The Hitchhiker's Guide to the Family

theatre review | Read in About 2 minutes
Published 11 Aug 2015

How do you bridge the emotional distance you've always felt has existed between you and your dad? If you're Ben Norris, you hitchhike it – down the M1.

With a handful of hitchhiking signs and a backpack full of memories (and one stuffed toy), Norris recounts the journey he took from the family home in Nottingham to Wembley. The aim? To get to know his Luton FC-loving but closed-off father better by travelling to the places of his youth.

Norris makes for an engaging narrator of his own story, his words a semi-poetic mix of travelogue and reminiscence. He unpacks his relationship with his dad with affecting sadness as he talks of its defining silence. But he's also energetic and funny, dashing about the stage, headbanging to family-holiday car music and offering KitKats to the audience.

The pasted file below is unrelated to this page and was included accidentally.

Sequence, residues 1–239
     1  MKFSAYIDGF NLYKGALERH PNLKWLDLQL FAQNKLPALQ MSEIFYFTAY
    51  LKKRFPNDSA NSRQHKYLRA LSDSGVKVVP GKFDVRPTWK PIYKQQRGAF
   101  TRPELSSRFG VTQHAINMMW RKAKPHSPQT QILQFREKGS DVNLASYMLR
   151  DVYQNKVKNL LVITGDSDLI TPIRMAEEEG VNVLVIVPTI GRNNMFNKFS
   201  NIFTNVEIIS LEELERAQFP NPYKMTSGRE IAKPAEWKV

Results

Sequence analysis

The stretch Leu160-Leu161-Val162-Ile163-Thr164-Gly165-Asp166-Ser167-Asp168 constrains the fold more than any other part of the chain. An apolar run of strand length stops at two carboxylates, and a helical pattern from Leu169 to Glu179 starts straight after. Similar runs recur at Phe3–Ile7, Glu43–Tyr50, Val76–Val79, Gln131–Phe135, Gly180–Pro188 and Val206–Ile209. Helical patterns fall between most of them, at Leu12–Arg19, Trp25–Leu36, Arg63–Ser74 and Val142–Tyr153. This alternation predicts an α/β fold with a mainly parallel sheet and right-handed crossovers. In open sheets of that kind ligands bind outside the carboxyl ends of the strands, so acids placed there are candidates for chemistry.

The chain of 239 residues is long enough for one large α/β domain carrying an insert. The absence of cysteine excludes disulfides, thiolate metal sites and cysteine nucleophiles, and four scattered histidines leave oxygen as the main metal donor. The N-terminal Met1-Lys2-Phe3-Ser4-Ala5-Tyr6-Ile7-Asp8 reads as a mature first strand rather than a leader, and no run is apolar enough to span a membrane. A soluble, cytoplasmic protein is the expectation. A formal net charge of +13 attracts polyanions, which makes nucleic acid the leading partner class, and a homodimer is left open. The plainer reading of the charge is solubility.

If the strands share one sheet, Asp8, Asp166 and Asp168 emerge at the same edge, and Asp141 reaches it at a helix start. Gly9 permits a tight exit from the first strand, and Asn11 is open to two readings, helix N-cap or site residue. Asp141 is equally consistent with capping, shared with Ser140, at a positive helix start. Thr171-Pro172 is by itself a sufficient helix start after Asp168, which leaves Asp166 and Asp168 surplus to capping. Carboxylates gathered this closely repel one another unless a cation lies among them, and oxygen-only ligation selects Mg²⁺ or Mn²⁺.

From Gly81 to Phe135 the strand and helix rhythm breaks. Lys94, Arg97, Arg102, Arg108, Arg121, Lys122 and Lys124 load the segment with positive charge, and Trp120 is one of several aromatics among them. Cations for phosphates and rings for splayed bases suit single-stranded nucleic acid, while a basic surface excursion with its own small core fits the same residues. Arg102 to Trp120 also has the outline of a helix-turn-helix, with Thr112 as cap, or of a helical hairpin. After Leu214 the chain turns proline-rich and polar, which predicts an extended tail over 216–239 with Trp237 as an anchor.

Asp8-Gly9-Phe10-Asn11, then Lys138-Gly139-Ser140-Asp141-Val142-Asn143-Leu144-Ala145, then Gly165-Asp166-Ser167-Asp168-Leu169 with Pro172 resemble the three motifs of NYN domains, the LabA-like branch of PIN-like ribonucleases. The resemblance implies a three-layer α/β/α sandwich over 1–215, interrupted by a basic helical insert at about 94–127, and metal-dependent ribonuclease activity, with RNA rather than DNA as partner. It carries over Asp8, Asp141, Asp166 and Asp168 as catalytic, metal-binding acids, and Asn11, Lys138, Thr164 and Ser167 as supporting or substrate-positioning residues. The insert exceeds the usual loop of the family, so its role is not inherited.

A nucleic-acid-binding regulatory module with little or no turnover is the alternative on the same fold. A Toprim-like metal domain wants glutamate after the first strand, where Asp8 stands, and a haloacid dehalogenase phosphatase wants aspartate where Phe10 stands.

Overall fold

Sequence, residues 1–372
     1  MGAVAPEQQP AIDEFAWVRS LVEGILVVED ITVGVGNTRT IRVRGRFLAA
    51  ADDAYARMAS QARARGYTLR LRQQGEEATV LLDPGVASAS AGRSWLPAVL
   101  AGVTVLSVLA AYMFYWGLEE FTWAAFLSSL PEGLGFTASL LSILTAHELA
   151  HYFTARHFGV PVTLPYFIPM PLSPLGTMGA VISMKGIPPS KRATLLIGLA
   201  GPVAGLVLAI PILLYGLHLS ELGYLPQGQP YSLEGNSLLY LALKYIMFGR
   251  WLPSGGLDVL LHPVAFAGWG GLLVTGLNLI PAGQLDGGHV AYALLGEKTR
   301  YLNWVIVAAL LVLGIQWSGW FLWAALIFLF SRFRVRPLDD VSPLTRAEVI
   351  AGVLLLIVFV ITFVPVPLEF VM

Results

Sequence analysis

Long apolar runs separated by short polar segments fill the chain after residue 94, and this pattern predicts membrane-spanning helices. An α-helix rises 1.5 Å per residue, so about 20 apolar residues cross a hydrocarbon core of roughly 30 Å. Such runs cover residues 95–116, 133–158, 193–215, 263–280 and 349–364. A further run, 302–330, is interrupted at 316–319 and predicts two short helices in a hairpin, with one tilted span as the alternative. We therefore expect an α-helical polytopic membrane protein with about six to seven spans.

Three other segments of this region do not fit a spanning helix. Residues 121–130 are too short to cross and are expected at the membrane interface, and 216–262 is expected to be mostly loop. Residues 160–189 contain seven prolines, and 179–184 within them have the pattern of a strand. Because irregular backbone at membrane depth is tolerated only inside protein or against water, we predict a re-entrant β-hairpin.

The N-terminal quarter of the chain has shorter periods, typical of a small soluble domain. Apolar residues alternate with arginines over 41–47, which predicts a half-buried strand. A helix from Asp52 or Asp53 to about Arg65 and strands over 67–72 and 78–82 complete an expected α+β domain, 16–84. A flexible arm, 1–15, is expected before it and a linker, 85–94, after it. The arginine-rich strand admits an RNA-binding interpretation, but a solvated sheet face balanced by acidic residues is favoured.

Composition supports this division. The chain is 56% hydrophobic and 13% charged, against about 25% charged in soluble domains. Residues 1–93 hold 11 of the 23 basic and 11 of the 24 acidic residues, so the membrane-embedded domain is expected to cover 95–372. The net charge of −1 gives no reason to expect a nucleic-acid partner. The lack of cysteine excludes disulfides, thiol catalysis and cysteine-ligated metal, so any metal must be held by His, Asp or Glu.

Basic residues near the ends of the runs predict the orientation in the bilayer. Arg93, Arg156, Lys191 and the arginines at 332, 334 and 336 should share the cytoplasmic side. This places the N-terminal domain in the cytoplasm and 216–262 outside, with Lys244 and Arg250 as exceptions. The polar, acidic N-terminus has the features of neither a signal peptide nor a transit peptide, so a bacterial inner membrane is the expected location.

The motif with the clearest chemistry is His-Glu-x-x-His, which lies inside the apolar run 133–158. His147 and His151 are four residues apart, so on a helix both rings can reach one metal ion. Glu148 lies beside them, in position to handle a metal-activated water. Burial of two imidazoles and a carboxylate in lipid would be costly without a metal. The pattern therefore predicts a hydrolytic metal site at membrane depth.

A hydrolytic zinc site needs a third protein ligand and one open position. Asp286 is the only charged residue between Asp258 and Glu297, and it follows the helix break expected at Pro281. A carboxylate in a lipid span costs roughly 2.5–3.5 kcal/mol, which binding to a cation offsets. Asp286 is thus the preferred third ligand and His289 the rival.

The show's multimedia approach also works well. Director Polly Tisdall has created a buzzy blend of live performance with videos from Norris's trip—mostly his enthusiastic but futile thumbing for lifts—and amusing animations signalling his various stops and introducing the people who did actually help him out.

And yet an air of contrivance hovers over this production. Car journeys with his father are a touchstone for Norris, but that doesn't really explain the hitchhiking. And the stories of those he meets (apart from family members) feel more like diversions than significant inroads.

In many ways, this is a great show. But it's hard to shake the feeling that it doesn't quite all hang together.